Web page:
A few years ago I was down in Texas collecting whitetail reference and we came across a very interesting deer. He had a decent sized body, big neck, big head and a very nice set of antlers. They figured him to be in the 4 1/2 to 5 1/2 year range. For overall fit, I would have guessed a 7 1/4 x 23 inch form, or maybe even larger. On today’s mannikin choices I might have picked a 69-7123 size form. There was only one problem–this deer’s eye to nose only measured 6 1/2 inches! The head on the form would have been a full 3/4 of an inch too long, even though everything else would work great. A 6 1/2 inch form would be WAY too small, and a 6 1/2 inch changeout head would be too small as well, particularly in the width between the eyes. This guy was a big, mature deer; all we would really need here would be a shorter face on the 7 1/4″ form.
So here is number six in my series of head alterations, and that is how to shorten a deer’s face. But I need to clarify this alteration by saying that making any form dimension larger, is always much easier than making it smaller. As this thought applies to the head then, making the head longer is pretty simple as compared to making it shorter. Shortening a face throws all kinds of angles and proportions out of whack that lengthening does not. There is a way around, but first lets explore the problem.
So lets say the nose is too long and you decide to simply cut out a half inch chunk in the middle of the head.
Remember how lengthening the head put the nose angles off (see Alteration #5, Lengthening a Deer Head), and it was necessary to increase the distance between the jaw line and the eye to make it all match? Well, we have the same problem now, only in reverse. But when shortening a head, the mismatch goes far beyond that.
Because you are working with angles, cutting out a piece of foam to shorten the face will create the situation as seen in the photo above. You would then need to rasp the larger side down to match the smaller side and model back all of the lost detail with water clay. That can certainly be done, and an experienced taxidermist could pull it off. But you will lose a lot of shape, and believe me, it will be more work than you probably hoped for. After all, so far I have noted how easy these alterations are. The following four photos will help you too see the problem of the mis-match much better:
So if the entire head is just plain too big, I would recommend simply buying a smaller change-out head, rather than going through all the work and know-how of decreasing so many dimensions (while it can be done). But, if the head fits well, except for only the length, as in the scenario of the Texas deer I mentioned earlier, the following alteration will be the way to go…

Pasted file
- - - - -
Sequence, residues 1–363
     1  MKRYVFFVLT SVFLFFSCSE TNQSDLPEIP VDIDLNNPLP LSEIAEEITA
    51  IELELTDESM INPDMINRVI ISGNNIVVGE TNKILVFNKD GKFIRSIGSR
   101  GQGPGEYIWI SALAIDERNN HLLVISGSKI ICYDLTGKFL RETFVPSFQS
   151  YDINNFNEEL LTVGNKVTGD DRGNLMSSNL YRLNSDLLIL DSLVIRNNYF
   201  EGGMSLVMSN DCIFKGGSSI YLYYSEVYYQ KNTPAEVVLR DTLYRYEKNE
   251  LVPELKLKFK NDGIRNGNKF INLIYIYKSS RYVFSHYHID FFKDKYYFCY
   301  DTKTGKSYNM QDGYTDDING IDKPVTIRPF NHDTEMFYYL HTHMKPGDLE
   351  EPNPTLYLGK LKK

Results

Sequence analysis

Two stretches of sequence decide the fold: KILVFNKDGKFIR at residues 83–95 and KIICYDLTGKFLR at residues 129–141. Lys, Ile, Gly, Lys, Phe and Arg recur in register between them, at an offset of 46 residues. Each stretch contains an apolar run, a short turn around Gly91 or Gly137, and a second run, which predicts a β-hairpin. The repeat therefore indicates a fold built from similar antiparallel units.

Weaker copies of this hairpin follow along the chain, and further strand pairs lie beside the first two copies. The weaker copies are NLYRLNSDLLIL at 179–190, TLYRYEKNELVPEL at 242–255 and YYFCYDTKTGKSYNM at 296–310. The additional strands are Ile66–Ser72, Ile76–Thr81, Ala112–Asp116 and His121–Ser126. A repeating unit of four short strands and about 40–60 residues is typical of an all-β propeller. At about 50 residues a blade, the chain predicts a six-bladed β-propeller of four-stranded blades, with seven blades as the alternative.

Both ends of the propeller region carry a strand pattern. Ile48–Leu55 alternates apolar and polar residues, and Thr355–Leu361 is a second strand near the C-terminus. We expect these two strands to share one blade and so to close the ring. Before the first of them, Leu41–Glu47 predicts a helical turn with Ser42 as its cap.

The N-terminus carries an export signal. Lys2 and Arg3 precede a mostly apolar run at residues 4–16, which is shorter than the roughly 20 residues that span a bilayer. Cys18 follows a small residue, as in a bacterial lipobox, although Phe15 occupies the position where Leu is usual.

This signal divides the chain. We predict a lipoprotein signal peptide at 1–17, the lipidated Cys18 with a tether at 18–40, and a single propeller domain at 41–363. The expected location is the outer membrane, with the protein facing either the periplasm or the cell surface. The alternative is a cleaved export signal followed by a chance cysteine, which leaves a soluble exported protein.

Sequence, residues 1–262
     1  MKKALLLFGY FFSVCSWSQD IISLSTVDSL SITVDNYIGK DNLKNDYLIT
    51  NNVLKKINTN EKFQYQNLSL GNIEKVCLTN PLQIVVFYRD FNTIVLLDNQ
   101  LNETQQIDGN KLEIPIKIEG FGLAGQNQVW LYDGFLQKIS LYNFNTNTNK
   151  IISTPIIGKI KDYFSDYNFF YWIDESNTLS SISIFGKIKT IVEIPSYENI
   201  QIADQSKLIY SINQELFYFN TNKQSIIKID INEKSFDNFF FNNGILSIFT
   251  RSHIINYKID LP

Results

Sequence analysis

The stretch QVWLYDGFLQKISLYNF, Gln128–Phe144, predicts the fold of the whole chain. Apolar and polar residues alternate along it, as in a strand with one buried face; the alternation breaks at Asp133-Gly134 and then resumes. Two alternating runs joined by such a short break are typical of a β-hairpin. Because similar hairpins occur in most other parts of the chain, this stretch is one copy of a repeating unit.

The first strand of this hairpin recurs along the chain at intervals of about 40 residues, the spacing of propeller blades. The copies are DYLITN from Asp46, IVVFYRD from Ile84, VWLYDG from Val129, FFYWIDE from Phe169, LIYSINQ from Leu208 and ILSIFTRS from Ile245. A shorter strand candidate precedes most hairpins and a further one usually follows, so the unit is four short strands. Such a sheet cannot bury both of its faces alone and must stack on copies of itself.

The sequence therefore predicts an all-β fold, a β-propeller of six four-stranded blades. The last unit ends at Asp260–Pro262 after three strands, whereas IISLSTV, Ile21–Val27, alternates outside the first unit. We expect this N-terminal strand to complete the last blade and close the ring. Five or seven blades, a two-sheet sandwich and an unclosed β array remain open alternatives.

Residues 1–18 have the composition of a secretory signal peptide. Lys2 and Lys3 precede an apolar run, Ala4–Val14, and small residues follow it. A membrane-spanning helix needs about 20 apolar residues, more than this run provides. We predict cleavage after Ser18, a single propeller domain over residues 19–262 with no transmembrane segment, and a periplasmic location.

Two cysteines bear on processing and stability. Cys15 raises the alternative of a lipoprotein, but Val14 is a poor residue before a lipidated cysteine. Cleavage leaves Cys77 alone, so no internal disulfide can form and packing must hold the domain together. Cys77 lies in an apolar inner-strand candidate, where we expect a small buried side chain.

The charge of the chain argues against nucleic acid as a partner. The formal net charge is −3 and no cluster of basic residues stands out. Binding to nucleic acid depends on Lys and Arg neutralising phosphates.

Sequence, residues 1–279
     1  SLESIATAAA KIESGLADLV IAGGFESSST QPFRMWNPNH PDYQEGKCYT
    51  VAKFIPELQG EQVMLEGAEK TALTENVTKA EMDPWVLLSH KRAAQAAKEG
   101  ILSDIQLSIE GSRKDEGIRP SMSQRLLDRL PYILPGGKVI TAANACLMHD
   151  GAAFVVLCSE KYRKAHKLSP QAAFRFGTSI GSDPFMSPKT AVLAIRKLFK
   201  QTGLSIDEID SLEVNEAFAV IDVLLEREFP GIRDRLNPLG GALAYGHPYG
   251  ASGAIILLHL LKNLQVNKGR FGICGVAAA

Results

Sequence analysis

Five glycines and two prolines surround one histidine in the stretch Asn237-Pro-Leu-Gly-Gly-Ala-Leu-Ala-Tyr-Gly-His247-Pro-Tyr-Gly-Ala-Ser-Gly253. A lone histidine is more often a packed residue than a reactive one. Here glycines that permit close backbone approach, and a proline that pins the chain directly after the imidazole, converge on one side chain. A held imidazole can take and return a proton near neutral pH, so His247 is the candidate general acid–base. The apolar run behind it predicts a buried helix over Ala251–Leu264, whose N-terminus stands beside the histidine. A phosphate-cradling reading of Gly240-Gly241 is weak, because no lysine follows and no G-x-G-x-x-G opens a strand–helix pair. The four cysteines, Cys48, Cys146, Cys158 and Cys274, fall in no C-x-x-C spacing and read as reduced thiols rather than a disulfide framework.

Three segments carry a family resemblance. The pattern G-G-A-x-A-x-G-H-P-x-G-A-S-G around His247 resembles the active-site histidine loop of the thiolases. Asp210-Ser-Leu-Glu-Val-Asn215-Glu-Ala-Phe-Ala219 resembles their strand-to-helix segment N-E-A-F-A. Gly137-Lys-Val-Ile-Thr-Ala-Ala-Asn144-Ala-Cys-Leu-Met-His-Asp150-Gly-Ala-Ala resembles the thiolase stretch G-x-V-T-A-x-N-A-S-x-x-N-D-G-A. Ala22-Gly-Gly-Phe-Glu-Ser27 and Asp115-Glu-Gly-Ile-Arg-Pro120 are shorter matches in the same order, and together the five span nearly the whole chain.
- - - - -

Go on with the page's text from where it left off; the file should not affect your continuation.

In order for the alteration to “blend” well, you will need to make several cuts rather than just one. So first mark the head as shown below. An average saw will remove about 1/16th of an inch of material so to shorten a head 1/2 of an inch you would need to make eight cuts. You can check out your saw cut width by simply sawing into a piece of foam and then measure it. Obviously, a newer saw will make a wider cut than an old one. The more cuts you make in any given distance , the better this alteration will work.
Make each cut as parallel to each other as possible.
Be sure to keep all of the pieces in order as you cut so that when you reassemble, each piece will go back where it belongs. If you are concerned about getting things back where they belong you might want to lay the pieces out in order and number them.
Now we can Bondo the pieces back together. I usually Bondo 2 or 3 pieces at a time, but if you are unsure of how this will go, you can simply do one piece at a time to make sure you get it where it belongs.
Here (above) I’ve put Bondo on three pieces and pressed them into place. Obviously, you need enough Bondo to secure the seam, but you also want to use as little as possible as a thick seam will decrease the value of the shortening process. Sometimes I will add an extra saw cut to make up for the Bondo seams, it depends on how accurate I need to be for the particular job at hand.
Since the foam slices are fairly weak I like to add some nails as I go to keep the pieces flat and the seams thin. Attach all of the pieces leaving the nose as the last step. Then when you Bondo the nose piece in place, attach with nails as shown below. Check to make sure it is straight and in line with the head. If it’s out of line press it one way or the other to get it where it needs to be. Looking good!
Now mix a final small batch of Bondo and smooth it over all of the outside seams:
A little light sanding and…
… you are…
…done! The following series of pictures will show how well it all blends together:
In this final picture below, I had set my calipers on the original eye to nose measurement and you can see the difference now. It is definitely shorter!
This doesn’t always have to be a major alteration. Sometimes when I have a tight fit in the face length, I might only make a couple of cuts just to give the skin relief and keep drumming to a minimum.
Time allotment to shorten a face would be about 20 minutes give or take depending on how many cuts you had to make.
Well, I think that’s about it for head alterations. You should now be able to fix just about any head problem that arises with any species of game. Next I want to show how I would fit a skin to a form, to determine if it is the right size form for the job. And then we can get into some actual taxidermy work and hopefully put some of this information to work.